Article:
Ovarian tumors can be benign, that is noncancerous, or malignant, that is cancerous. The most common symptoms are abdominal swelling and pain. The treatment is mainly surgical in both benign and malignant ovarian tumors.
Types of Ovarian Tumors
Ovarian tumors are classified into 5 main types: epithelial tumors, stromal tumors, germ cell tumors, metastatic tumors and others. Epithelial tumors are the most common (75% of all ovarian tumors and 90-95% of all malignant or cancerous ovarian tumors). They arise from the cells found on the surface layer of ovaries.
Stromal tumors (5-10% of all ovarian tumors) arise from cells responsible for producing female hormones. Germ cell tumors (15-20% of all ovarian tumors), which are mostly benign, arise from cells that are responsible for producing eggs. Metastatic tumors (5% of malignant ovarian tumors) are cancerous ovarian tumors whose primary is elsewhere, such as breast, stomach, colon, endometrium of uterus and cervix. Other tumors can arise from the soft tissue of ovaries.
Benign Ovarian Tumors
The vast majority (90%) of ovarian tumors are benign. The most common are cystic teratomas (also known as dermoid cysts), which contain a variety of tissues like hair, teeth and bone.
Benign ovarian tumors often do not cause any symptoms and are sometimes discovered incidentally, for example when X-ray of abdomen is taken. The symptoms they can cause are abdominal pain, abdominal swelling and pressure effects on bladder and bowel.
The pain is usually due to torsion of the cyst or bleeding inside the cyst. There can be lower back pain, painful menstruation, difficulty in urination, increased frequency of urination, difficult or painful bowel movements, constipation and pain when having sex.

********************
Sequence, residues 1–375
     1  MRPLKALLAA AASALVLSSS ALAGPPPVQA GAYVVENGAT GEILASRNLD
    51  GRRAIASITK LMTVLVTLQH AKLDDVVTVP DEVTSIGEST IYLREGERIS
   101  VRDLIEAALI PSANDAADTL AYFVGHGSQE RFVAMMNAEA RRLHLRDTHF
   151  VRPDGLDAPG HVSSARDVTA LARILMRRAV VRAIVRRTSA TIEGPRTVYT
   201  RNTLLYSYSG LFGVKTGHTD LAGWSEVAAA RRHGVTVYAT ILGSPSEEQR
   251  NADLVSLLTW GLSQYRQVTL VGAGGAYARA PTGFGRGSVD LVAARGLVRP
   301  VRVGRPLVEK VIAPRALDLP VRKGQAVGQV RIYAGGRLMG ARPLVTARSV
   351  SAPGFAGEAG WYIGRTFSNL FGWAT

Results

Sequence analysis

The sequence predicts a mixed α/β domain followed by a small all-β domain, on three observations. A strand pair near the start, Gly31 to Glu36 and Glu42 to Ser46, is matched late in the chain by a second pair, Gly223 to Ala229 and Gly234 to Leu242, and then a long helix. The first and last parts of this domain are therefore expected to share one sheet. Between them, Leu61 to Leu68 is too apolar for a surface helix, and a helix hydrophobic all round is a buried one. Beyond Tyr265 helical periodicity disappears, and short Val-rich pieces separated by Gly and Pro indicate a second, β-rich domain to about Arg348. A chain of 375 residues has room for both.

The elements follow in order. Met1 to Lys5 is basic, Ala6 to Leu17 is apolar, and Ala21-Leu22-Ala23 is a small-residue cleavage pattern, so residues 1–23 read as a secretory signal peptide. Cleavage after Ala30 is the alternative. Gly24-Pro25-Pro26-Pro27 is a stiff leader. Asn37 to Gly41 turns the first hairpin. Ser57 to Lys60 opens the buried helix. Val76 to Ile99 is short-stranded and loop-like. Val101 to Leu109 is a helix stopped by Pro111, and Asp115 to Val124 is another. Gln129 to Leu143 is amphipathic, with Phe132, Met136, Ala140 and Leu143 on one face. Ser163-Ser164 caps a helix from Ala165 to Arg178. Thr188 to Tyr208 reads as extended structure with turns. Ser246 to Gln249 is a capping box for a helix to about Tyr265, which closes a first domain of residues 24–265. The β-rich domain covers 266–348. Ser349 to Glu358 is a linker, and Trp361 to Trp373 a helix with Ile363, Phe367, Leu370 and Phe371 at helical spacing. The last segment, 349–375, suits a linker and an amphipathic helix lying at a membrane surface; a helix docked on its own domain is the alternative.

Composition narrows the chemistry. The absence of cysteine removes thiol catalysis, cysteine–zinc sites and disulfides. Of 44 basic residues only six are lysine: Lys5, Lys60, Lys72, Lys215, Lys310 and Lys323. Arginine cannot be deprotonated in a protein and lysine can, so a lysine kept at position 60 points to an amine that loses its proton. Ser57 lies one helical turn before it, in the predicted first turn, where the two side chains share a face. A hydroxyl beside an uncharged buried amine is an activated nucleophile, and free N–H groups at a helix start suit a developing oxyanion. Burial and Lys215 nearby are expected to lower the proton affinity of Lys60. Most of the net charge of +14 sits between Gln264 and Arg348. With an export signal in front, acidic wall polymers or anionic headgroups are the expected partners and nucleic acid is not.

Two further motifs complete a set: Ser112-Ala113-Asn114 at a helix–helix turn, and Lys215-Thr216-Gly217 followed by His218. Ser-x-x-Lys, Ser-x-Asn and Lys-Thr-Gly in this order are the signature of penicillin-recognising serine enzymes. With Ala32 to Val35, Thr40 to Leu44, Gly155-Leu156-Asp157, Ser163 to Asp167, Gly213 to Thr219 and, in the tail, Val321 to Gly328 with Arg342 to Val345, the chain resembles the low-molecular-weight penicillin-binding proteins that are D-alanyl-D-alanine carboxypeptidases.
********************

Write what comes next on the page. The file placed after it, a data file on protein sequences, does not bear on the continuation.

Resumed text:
Bimanual examination can distinguish between fibroid uterus and ovarian cyst, but it needs to be confirmed by ultrasound scan. Ultrasound can show cystic fluid and other features which can distinguish it from cancerous conditions. Hormone assays like checking of estrogen and androgen levels are indicated to rule out hormone-producing cysts. Diagnostic laparoscopy may sometimes be necessary, at which time laparoscopic removal can also be undertaken if appropriate.
Cysts less than 5 cm in diameter and which are causing no symptoms do not require any treatment because they usually undergo spontaneous resolution. Asymptomatic cysts greater than 5 cm in diameter need to be followed up – if they enlarge, they need to be removed.
Cysts that are symptomatic or rapidly enlarging need to be removed. If the ovarian cyst undergoes torsion, as indicated by acute pain, it is an emergency and the cyst needs to be removed to prevent the ovarian tissue from dying due to lack of blood supply.
Malignant Ovarian Tumors (Ovarian Cancer)
They usually occur in women between the ages of 50 and 70 years. They are more common in those who have not borne any children and those with a family history. Use of combined oral contraceptives is protective against the development of ovarian cancer.
The presentation is usually with abdominal pain and swelling. There can be increased frequency of urination, difficulty in urination, weight loss, dyspeptic symptoms and abnormal monthly periods.
There can also be loss of appetite, nausea and vomiting, and constipation. Sometimes the symptoms can be vague due to metastasis (spread of ovarian cancer to other sites of the body), for example shortness of breath, gastrointestinal upset or altered bowel habits.
Ultrasound is the first-line investigation. Elevated levels of cancer antigen 125 (CA-125) are usually found in 80% of cases. CT and MRI can help in assessing the extent of the cancer prior to surgery.
Surgery is the mainstay of treatment for ovarian cancer. Surgery is usually followed by combination chemotherapy, particularly in advanced stages of the disease. Radiotherapy is used less frequently.
Photo Credit: http://uvahealth.com/services/cancer-center/conditions-treatments/11638